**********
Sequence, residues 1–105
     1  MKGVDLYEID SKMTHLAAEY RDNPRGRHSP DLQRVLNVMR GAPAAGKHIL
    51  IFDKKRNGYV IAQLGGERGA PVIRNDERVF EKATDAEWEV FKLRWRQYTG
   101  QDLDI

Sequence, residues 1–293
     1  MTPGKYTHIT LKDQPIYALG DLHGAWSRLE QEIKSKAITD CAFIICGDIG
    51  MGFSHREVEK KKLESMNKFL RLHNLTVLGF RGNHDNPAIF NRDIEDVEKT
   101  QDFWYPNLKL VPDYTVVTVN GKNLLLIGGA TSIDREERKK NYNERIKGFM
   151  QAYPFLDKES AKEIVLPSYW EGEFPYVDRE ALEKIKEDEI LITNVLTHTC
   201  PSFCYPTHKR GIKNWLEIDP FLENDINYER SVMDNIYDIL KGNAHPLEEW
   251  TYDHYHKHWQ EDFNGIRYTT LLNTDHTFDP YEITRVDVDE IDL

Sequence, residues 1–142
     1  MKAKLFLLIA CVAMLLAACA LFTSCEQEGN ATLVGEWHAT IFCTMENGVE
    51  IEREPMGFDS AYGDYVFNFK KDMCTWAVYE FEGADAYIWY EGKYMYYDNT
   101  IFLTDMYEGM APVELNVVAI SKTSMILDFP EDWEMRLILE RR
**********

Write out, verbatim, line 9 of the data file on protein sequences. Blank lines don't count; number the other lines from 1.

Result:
   151  QAYPFLDKES AKEIVLPSYW EGEFPYVDRE ALEKIKEDEI LITNVLTHTC